She could have replied that a carbon tax is impossible under what is almost certain to be a Republican-controlled House. She could have pointed to policy proposals that would achieve substantial emission reductions by building on existing programs and authorities.

But she didn't. Instead she dodged, drifting into a tangent about the Paris climate agreement, trying to take credit for it and, absurdly, claiming that Sanders opposes it because he has said it wasn't enough. Needless to say, wanting to strengthen an agreement is not tantamount to opposing it.

She did say, in passing, "I don't take a back seat to your legislation that you've introduced, that you haven't been able to get passed." This at least gestures at the real reason she's not bothering to back a carbon tax, which is that she views it as all downside. It would rally Republican opposition, spark an endless, doomed fight with Congress, and sap time and attention from policies that might have some chance of being implemented.

"Carbon tax, y'right."
(Photo by Justin Sullivan/Getty Images)

Fracking, elevated

Then the discussion turned to fracking, which, for reasons unclear, has become a kind of stand-in for climate seriousness.

Asked about her support for fracking in other countries as secretary of state, Clinton stumbled through an answer, referring to natural gas as a "bridge" to clean energy, a formulation that was Democratic conventional wisdom a few years ago but has fallen out of favor on the left.

She failed to mention that EPA is working on methane regulations for new natural gas wells and that she — unlike Obama, at least so far —* supports regulating existing wells also.

Nor did she mention that an immediate fracking ban is unworkable as a matter of federal policy and would, if it actually happened, help revive coal's sagging fortunes and (at least in the short term) increase US emissions.

She didn't mention that, absent a political revolution that gives not just Democrats but anti-fracking Democrats a majority in the House, the best the next president can do is regulate fracking more tightly.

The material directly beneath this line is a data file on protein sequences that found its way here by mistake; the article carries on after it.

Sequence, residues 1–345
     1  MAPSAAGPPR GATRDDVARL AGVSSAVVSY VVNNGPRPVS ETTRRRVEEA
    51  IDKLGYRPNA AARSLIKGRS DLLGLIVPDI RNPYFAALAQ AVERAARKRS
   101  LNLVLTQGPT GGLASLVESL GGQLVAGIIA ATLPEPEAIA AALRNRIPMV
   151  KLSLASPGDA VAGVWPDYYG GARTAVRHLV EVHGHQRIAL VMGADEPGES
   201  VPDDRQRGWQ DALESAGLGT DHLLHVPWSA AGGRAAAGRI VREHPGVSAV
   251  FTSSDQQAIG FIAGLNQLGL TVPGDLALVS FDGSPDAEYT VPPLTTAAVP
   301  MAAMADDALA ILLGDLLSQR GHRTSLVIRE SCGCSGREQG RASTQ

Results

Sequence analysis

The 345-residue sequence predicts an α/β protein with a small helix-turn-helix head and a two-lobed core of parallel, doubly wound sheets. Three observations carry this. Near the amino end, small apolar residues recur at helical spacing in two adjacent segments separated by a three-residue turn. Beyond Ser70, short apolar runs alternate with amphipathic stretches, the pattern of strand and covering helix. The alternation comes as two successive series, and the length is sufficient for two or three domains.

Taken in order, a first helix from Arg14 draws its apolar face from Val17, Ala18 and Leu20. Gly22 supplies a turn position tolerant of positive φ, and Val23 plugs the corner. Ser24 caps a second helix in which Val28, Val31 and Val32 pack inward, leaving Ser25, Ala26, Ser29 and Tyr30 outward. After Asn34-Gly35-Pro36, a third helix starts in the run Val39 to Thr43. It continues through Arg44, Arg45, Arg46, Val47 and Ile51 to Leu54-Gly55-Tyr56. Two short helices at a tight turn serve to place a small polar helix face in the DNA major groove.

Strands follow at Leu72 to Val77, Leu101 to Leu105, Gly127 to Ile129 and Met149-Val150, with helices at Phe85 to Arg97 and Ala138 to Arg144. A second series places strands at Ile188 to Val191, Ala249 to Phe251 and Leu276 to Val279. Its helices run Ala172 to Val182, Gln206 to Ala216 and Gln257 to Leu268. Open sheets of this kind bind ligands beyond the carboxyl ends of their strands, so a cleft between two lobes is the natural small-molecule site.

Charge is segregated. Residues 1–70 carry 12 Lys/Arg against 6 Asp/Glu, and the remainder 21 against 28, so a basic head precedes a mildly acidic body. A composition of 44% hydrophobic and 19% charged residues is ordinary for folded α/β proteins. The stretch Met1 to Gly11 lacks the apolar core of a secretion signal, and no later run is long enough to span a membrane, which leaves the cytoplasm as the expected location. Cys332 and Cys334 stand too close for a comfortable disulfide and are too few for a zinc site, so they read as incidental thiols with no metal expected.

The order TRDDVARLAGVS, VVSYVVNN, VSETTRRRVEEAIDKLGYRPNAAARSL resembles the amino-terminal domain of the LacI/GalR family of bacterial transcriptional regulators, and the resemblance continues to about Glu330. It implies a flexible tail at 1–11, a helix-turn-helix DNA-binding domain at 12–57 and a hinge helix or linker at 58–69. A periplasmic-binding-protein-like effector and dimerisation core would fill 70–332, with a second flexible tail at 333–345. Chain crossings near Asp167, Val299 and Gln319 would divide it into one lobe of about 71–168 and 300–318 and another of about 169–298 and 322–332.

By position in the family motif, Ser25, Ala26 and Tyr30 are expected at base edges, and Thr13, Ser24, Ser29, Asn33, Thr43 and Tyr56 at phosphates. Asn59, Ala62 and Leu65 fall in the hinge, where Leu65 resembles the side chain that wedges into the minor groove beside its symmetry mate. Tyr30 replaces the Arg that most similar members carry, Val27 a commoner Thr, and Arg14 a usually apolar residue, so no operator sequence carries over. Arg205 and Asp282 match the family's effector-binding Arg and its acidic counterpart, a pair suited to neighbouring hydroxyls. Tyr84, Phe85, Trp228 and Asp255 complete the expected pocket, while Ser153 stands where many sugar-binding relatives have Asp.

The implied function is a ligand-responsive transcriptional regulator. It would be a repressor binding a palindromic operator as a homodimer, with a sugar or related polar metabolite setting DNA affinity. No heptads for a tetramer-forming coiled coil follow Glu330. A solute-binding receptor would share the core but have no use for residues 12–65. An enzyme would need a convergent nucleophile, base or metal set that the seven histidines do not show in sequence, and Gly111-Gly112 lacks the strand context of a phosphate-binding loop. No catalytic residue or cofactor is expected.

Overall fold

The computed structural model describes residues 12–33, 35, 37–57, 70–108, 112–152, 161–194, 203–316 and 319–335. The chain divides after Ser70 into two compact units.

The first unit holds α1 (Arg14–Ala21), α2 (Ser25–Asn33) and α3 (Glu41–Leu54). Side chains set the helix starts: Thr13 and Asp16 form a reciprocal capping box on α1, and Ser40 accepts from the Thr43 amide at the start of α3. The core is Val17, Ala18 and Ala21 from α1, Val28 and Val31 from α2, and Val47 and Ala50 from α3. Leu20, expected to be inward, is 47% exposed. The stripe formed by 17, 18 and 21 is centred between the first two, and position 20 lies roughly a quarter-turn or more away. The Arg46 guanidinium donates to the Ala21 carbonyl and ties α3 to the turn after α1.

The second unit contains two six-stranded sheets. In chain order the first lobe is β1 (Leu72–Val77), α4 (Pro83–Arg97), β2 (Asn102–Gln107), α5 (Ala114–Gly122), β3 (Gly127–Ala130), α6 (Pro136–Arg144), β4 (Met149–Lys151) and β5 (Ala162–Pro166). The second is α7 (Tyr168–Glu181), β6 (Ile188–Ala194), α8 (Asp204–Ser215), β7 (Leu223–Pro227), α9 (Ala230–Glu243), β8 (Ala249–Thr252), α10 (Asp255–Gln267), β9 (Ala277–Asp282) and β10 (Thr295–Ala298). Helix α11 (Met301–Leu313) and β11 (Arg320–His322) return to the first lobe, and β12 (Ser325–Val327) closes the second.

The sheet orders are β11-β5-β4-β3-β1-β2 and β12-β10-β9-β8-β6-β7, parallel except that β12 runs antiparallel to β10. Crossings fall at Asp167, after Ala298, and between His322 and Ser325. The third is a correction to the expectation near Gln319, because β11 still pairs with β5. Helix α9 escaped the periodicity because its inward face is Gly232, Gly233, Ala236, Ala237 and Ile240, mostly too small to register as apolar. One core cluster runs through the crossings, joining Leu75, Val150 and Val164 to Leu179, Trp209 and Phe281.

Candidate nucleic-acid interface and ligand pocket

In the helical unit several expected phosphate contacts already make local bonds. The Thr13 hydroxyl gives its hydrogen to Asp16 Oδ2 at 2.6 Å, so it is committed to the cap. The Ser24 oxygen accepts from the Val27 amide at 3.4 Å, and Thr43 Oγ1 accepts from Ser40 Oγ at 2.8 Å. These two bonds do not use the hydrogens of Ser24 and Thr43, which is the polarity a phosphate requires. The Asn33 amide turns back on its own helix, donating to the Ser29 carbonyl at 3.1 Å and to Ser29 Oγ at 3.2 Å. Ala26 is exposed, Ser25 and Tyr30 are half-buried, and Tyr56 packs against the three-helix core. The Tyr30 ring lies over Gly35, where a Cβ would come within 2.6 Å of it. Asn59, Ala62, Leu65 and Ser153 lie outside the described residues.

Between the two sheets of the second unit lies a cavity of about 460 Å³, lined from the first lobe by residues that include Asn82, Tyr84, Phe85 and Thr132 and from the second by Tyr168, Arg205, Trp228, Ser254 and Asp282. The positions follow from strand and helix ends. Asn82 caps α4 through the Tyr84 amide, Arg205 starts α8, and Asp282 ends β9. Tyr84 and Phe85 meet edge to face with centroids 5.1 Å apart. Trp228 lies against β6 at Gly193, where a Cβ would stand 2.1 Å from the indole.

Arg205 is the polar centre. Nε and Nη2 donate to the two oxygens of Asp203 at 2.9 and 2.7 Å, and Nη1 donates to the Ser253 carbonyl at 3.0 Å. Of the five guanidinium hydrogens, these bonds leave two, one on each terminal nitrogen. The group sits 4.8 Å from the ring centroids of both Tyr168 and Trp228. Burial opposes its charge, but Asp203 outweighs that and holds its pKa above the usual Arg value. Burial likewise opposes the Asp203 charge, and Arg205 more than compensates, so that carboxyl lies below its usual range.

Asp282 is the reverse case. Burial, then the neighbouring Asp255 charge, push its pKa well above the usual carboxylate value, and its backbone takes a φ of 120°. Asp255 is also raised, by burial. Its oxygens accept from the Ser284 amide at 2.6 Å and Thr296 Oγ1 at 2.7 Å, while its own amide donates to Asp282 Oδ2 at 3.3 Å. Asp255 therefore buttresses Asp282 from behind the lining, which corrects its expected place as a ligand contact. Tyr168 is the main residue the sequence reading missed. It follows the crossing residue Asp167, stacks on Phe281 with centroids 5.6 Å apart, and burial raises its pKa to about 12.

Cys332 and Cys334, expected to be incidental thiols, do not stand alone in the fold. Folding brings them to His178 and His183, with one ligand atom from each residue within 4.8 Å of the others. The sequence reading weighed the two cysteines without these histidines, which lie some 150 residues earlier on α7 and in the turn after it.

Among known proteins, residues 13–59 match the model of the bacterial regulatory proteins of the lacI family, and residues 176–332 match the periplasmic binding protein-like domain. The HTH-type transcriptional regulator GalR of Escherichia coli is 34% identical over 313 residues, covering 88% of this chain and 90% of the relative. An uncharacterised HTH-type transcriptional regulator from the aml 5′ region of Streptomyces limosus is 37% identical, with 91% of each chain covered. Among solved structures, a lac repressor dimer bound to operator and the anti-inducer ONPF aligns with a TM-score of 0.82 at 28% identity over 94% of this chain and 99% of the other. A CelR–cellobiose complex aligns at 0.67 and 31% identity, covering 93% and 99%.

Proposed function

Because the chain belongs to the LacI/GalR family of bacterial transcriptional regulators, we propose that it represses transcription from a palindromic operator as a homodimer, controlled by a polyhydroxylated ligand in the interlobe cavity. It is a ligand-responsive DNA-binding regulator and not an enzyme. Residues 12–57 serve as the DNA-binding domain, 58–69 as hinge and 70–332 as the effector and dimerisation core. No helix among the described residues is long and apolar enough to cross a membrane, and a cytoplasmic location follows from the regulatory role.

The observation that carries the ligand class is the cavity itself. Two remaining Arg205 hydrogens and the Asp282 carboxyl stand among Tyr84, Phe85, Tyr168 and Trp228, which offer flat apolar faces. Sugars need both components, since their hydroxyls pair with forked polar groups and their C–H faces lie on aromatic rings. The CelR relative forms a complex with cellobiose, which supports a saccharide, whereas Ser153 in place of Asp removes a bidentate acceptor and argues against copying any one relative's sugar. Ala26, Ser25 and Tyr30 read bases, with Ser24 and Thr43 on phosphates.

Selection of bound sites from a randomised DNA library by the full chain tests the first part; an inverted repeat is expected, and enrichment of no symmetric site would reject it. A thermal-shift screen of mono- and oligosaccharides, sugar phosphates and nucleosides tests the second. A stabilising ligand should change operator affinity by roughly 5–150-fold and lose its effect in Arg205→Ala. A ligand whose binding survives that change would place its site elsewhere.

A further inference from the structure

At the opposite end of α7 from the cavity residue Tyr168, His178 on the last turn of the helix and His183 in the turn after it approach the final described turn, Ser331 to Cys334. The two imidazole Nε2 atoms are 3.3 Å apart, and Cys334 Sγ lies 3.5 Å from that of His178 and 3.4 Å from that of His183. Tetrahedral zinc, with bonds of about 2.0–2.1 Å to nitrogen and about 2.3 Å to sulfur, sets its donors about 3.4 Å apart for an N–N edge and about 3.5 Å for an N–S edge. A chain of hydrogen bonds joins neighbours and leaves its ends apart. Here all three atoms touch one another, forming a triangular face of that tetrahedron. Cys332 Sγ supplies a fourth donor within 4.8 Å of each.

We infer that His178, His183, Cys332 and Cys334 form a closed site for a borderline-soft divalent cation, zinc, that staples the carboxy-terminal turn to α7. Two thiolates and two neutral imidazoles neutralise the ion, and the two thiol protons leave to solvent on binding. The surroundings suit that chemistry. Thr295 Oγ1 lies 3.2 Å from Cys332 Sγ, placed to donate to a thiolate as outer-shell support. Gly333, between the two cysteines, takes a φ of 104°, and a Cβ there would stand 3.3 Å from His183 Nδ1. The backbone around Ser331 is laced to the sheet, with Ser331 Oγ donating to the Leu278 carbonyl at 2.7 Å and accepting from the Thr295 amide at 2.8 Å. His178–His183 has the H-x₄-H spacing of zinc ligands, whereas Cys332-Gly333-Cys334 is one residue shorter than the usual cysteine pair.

Clinton remains a frustrating candidate. She's temperamentally averse to absolutes and simple prescriptions, so she always ends up sounding lawyerly. She seems unable to mount a convincing case for incrementalism, unlike the current president, who can make incrementalism sing. She is the anti-Obama, all notes and no music.

Sanders's contradictions, unresolved

Finally, a pointed question, from reporter Errol Louis, to Sanders:

You said that climate change is the greatest threat to our nation's security. You called for a nationwide ban on fracking and phasing out all nuclear power in the US. But wouldn't those proposals drive the country back to coal and oil and actually undermine your fight against global warming?

Put aside that natural gas and nuclear power mostly substitute for coal, not oil, but Louis has a point, and it's something Sanders hasn't been pushed on.

The Bern.
(Photo: JEWEL SAMAD/AFP/Getty Images)

He denied it — "no, they wouldn't" — but offered nothing in support. Louis followed up, pressing him on phasing out nuclear power. Sanders acknowledged, "You certainly don't phase nuclear out tomorrow," but didn't say when he thinks we'll have enough low-carbon power that we can take several gigawatts off the grid without raising emissions.

Sanders rejects the notion that there might be trade-offs in climate policy, but the next president is likely to face many.

Climate policy, unilluminated

The frustrating thing is that climate and energy policy is an area where the perennial debate between pragmatism and uncompromising ambition is particularly salient.

Obama began his time in office pushing a grand economy-wide solution, which was ground down and eventually killed in Congress.

Since then, building on the stimulus investments, he has undertaken an extensive series of regulations and executive actions that have arguably achieved more than the grand solution would have. Incrementalism has accumulated for Obama into a serious climate legacy.

More will certainly be needed to meet America's commitments in Paris. Clinton wants to build on Obama's progress. Sanders wants to go for another grand legislative solution. She remains unable to articulate a compelling larger vision; he remains unable to explain how he would overcome the obvious political obstacles.

When they grapple honestly with those differences — that will be the climate debate I've been waiting for.

CORRECTION, 4/17/16: Oops, I forgot that Obama endorsed methane regulations on existing wells in his recent climate accord with Canada.

It's not about saving the planet.